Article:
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“The tyranny of a prince in an oligarchy is not so dangerous to the public welfare as the apathy of a citizen in a democracy.” - Charles de Montesquieu The incompetence and venality of the government is a constant drip from the lips of the citizenry of any country, and The Bahamas is no different than any other country.

Democracy and Responsibility

“The tyranny of a prince in an oligarchy is not so dangerous to the public welfare as the apathy of a citizen in a democracy.”

– Charles de Montesquieu

The incompetence and venality of the government is a constant drip from the lips of the citizenry of any country, and The Bahamas is no different than any other country.

We bemoan whatever government holds the seat of power at the time for their lack of vision and the ways in which they continue to make life more difficult for “we the people.” We talk amongst ourselves of how worthless they are and how many promises they have broken or have yet to keep.

And it drones on.

We are a country of pundits and political experts but we enjoy a good talk all the while nothing ever comes of all the expertise we share with our friends and opponents. But it was a good show after all.

Yet here we are.

We face, as a country, a crime problem that, while we are told ‘the numbers are down’, continues at an alarming rate. We have an out of control illegal immigrant problem that spans decades that has faced practically no opposition from multiple government administrations. We have an economy that is slowing from external and internal pressures and the fallout has left many seeking jobs while others have given up.

We have myriad issues and we have so few answers from politicians on these issues. Some issues are never addressed and others get cursory mentions as if the solution is on its way only to never arrive.

While we seek answers we never press the right persons. We are far more comfortable reading or watching the news and discussing our disgust over whatever failures have happened with our friends and co-workers.

In short our apathy has deprived us of the government we believe we deserve.

Our lack of addressing our representatives and demanding their accountability to “we the people” is why we are where we are today. As the Bible tells “We have not because we ask not.” Likewise we lack a government that is responsive and accountable to the people because we have not required them to be.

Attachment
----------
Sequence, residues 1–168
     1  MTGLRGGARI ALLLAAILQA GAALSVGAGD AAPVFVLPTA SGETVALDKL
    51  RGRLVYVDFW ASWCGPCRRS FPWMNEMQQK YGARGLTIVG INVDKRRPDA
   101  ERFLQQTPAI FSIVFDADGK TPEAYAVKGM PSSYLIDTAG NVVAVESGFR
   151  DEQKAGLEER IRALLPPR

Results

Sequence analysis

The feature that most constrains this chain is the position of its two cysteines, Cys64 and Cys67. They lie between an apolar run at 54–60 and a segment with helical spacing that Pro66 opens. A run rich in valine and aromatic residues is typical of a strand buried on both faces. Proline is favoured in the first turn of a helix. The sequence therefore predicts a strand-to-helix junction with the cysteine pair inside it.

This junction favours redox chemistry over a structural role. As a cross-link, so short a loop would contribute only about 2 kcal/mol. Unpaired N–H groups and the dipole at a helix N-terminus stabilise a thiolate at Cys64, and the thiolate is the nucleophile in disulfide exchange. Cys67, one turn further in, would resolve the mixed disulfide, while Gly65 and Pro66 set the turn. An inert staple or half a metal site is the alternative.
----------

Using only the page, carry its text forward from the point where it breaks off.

Now 40 years into Independence I see growth in us as a people and I have some hope for the future as we are now broader in our thinking; however, we are far from where we could be. We are beginning to find ourselves as Bahamians but we are still seeking our voice.

Though Franklin D. Roosevelt was a president in a different style of democracy his words still ring true:

“Let us never forget that government is ourselves and not an alien power over us. The ultimate rulers of our democracy are not a President and senators and congressmen and government officials, but the voters of this country.”

While we tend to set these men and women on pedestals above the citizenry we must temper that with the idea that those elected by us are sent to the House of Assembly to do our will. They are our employees at the end of the day and are subject to us.

I get the feeling that government does not recognize the fact that they are public servants and honestly they get that feeling from us. We have given them power to act on our behalf and as they act without the requirements of transparency and accountability it is no wonder that many end up serving themselves and the rich and powerful while consistently neglecting the needs of those who elect them.

When we decry the actions or lack of activity of our members of parliament we ought to be scolding ourselves. If it were not for the lack of accountability that we demand they might have done something for those they were elected to represent.

So we are upset with government? So what? Why should they care when come next election they will be reelected anyway (at least a good many will) and many were not elected for their ability to do anything and many have no record to run on; but they are reelected anyway.